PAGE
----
Wastewater and Septic Systems
Be SepticSmart - Information on Wastewater and Septic Systems
When you think of infrastructure you typically think of roads right? But there is a ‘hidden’ infrastructure we all tend to forget about since it is underground—our drinking water and wastewater infrastructure. Until there is a water main break or a septic system failure, people don’t tend to think much about it.
Approximately 25 percent of the U.S. households and 33 percent of new construction (both domestic and commercial) rely on these kinds of systems. And today’s advanced onsite systems technologies are not the septic systems of the past 30+ years. Today’s advanced treatment technologies systems are able to treat wastewater to levels that protect the environment similar to traditional sewer systems. They are also able to treat large volumes of wastewater through the use of cluster systems, which are designed to support many homes. As the nations’ population continues to grow and as cash-strapped communities in rural and small communities look for viable, effective methods of wastewater treatment, onsite systems will continue to play a critical role in our nation’s wastewater infrastructure.
For homes that have septic systems to treat wastewater, proper septic system care and maintenance is vital to protecting public health and preserving valuable water resources. When homeowners flush and forget about their septic systems, it can lead to system back-ups and overflows, which can result in costly repairs, pollute local waterways, and create a risk to public health and the environment.
To help raise awareness about the need for proper care and maintenance of septic systems and to encourage homeowners to do their part, EPA launched its first annual SepticSmart Week, September 23-27, 2013. By taking small steps to care for and maintain home septic systems, homeowners not only help protect public health and the environment, they can save money and protect property values.
For more tips and more on SepticSmart Week, visit: www.epa.gov/septicsmart.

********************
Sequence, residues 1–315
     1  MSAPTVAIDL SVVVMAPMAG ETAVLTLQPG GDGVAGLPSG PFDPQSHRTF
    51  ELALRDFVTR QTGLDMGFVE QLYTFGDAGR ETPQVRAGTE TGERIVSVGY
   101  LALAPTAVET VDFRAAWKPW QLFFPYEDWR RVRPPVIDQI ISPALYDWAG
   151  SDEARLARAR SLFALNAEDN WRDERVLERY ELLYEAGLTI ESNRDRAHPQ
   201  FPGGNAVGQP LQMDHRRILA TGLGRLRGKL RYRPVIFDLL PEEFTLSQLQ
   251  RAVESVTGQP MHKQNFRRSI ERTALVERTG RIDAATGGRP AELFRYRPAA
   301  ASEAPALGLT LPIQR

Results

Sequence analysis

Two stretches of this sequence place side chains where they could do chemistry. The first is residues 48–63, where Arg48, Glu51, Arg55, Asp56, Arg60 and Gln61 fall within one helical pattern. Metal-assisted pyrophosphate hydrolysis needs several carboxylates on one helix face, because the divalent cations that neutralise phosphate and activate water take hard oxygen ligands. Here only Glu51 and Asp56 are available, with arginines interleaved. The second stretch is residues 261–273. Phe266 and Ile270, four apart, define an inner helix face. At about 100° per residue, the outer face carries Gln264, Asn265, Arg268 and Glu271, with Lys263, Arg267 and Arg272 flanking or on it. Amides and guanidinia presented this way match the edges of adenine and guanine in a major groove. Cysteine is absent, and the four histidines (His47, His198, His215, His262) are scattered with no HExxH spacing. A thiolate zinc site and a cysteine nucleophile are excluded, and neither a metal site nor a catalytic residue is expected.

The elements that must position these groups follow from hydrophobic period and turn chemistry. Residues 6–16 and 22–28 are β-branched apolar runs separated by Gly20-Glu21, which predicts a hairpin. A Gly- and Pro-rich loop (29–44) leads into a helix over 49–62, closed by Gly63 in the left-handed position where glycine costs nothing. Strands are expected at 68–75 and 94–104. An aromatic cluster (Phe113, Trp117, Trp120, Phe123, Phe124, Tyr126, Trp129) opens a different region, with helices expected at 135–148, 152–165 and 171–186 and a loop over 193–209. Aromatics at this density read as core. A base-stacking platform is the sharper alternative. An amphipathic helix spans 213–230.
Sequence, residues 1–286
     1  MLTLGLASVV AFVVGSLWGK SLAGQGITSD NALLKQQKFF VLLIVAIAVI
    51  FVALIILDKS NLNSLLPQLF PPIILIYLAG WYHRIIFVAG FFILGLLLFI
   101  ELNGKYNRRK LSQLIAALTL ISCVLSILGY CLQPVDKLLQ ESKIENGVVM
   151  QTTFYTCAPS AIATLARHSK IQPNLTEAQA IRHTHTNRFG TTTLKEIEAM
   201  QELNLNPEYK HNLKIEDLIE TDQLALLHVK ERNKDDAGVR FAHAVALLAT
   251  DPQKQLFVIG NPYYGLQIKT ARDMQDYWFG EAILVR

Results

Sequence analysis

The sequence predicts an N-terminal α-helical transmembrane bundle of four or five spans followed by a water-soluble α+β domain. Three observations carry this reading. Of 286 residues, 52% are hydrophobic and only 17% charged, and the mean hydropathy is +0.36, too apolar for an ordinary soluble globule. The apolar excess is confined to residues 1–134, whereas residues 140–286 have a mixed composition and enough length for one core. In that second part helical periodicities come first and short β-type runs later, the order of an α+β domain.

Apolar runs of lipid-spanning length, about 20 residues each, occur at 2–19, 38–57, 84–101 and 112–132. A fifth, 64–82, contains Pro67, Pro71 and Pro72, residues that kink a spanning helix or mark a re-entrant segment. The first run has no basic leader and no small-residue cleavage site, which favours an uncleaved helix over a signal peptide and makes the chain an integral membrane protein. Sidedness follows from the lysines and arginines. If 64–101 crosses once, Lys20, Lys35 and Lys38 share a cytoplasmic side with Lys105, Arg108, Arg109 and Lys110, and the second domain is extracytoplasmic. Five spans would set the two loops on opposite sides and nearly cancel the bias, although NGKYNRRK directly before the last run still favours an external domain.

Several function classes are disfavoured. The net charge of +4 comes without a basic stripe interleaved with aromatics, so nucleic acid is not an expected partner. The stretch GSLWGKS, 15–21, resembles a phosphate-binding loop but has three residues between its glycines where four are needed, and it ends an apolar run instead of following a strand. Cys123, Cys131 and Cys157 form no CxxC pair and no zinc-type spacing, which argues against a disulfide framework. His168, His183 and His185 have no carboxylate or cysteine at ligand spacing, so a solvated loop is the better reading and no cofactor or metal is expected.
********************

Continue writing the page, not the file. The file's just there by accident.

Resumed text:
Who Regulates Domestic Wastewater in Missouri?
A common question the Department of Natural Resources hears is “Who regulates domestic wastewater in Missouri?” The answer is different state and local agencies have responsibility for regulating domestic wastewater including on-site wastewater treatment systems, commonly known as septic systems, and there is a clear line between them.
The Department of Natural Resources is responsible for:
- Approving the method of domestic wastewater treatment in
new residential housing developments (subdivisions) with seven or more lots where each of the
lots is less than five acres in size and propose to use on-site wastewater treatment systems.
- Approving any expansion of an existing subdivision by three or more lots where each of those lots is less than five acres in size.
- Approving the method of domestic wastewater treatment
in multiple family housing developments with seven or more units or any expansion of three or
more units of an existing development or complex that discharges into subsurface soil absorption systems with sewage flows less than or equal to 3,000 gallons per day. Multiple family housing developments include duplexes, quadplexes, motels, hotels, apartments, RV campgrounds and trailer parks. After the department has given written approval for the method of wastewater treatment in a residential housing development, it then becomes the Department of Health and Senior Services or local administrative authority’s jurisdiction to issue the construction permit for the specific wastewater treatment system.
- Approving multiple family residences, restaurants and commercial
facilities when their domestic wastewater flows are less than or equal to 3,000 gallons per day